This year, Colorado voters overwhelming approved a change to the state’s constitution that allowed someone buy and personal consumption of marijuana for recreational use. Sales commenced in 2014. After that, the state has issued more than 2, 900 weed business licenses, 481 that went to retail dispensaries. Therefore, as one mass media outlet talked about, Colorado has more pot dispensaries than Starbucks, McDonald’s, and 7-Eleven locations combined.
But even though it’s legal to consume, it remains unlawful to drive while under the influence of cannabis. Tragically, far too many drivers is very much ignoring that and are putting lives in danger by smoking and driving. If you might have been injured in a car accident because of an impaired driver, an injury lawyer can help.
Fatal Accidents on the Rise
According to examination by The Denver Content, the number of motorists involved in fatal car accidents who then analyzed positive for marijuana has jumped annually since legalization. Higher levels of the drug are also showing up in drivers who examined positive. This past year, in one extreme example, one rider tested at 22 times the legal limit for marijuana.
From 2013-16, Co experienced a 40 per cent spike in the quantity of traffic fatalities overall, hitting 880 last year, according to numbers from the Domestic Highway Traffic Safety Operations. The data also uncovers that alcohol-related fatalities have been on the climb, climbing 17 percent. The number of drivers who tested positive for cannabis, yet , jumped almost a hundred and fifty percent, and now make up 10 per cent of all fatal car incidents.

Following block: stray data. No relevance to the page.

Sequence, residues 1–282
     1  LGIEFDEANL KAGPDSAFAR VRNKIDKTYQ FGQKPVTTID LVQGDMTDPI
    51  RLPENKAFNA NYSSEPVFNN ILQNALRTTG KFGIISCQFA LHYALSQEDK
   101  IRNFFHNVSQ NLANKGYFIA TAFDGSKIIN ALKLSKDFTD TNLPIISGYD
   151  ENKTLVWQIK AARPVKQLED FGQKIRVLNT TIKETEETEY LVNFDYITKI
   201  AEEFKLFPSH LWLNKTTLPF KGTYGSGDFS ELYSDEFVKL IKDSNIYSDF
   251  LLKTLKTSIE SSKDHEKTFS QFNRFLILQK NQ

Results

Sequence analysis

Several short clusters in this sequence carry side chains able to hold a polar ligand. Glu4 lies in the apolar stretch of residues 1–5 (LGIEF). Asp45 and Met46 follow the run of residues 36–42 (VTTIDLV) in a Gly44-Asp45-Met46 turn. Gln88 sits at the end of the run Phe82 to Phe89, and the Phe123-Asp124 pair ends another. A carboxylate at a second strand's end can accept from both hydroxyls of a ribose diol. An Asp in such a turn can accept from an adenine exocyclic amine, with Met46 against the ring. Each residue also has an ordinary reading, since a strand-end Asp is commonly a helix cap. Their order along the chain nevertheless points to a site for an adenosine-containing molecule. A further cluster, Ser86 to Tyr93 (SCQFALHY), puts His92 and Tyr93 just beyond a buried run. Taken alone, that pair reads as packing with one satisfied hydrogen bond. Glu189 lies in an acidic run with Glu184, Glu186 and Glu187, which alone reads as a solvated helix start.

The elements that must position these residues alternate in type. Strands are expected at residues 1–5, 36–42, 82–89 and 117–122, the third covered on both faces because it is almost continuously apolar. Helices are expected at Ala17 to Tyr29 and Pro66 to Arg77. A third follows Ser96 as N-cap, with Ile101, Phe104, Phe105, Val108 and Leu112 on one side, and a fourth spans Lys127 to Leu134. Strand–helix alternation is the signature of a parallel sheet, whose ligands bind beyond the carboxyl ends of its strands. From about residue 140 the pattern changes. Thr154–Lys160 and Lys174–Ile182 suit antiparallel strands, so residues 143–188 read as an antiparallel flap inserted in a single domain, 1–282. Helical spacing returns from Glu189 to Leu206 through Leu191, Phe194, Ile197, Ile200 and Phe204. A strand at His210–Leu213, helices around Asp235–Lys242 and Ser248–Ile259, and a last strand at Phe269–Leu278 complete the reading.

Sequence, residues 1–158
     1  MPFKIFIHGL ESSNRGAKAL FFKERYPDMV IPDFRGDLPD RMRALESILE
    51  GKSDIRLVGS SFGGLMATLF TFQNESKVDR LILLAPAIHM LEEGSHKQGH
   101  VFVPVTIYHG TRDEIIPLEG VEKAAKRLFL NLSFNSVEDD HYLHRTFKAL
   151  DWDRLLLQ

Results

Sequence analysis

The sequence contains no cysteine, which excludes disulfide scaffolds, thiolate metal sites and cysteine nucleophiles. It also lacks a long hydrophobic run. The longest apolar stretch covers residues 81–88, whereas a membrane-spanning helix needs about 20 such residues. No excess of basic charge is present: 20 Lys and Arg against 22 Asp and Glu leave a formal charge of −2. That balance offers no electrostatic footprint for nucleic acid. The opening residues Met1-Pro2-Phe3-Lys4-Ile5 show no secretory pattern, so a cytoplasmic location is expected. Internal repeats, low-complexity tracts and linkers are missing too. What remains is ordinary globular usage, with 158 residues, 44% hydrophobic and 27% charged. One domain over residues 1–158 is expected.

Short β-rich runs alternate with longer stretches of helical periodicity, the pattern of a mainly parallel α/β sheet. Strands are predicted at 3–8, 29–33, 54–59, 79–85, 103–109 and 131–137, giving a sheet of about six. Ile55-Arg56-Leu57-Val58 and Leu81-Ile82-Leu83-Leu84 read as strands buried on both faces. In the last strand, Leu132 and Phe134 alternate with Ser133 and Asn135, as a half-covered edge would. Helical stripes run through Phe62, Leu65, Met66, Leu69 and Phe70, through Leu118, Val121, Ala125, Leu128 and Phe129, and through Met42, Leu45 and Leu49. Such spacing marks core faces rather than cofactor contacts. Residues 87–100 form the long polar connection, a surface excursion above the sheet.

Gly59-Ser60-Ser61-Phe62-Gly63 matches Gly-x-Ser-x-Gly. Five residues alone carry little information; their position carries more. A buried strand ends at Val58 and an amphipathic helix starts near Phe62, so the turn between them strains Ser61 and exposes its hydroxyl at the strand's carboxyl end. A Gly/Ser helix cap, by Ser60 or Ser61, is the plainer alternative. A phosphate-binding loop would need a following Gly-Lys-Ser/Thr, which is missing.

While officials are quick to indicate that this dramatic increase in marijuana-related traffic deaths can’t be tied conclusively to legalization, the numbers are troubling.
“Unlike alcohol, THC [the active ingredient in marijuana] can stay detectable in the bloodstream stream for days or weeks, when any incapacity wears off in a matter of hours, inches Taylor West, former mouthpiece director of the Country wide Cannabis Industry Association, informed The Denver Post. “So all those numbers really show is that, since legal adult-use sales began, a larger number of individuals are eating cannabis and then, at some point… driving a car. inch
Testing is a Problem
That’s the condition facing state and local governments. Cannabis use is skyrocketing, but law observance officials are still needy for a way to definitively test drivers. There is no marijuana breathalyzer or blood test that law enforcement officials can use to test drivers. You will discover tests that check for delta-9-tetrahydrocannabinol, or THC, but there is not an universally accepted standard that indicates who is actually impaired, despite the frantic efforts of scientists to establish one.
Colorado uses a THC blood test that law enforcement are able to use to reveal precisely referred to as “presumed” impairment. Permissible inference is defined at five nanograms of THC per milliliter. Liquor breaks down quickly in the body, which makes it easy to test for. THC, on the other palm, can linger much a bit longer in the body. On fact, heavy users who then avoid marijuana can still test positive a month or more later.
At least two private companies are researching inhale detection devices, but experts estimate they’re months or years away from impressive the market. As a result, Colorado has started out training its officers about what to look for during traffic stops when deciding whether a new driver is impaired.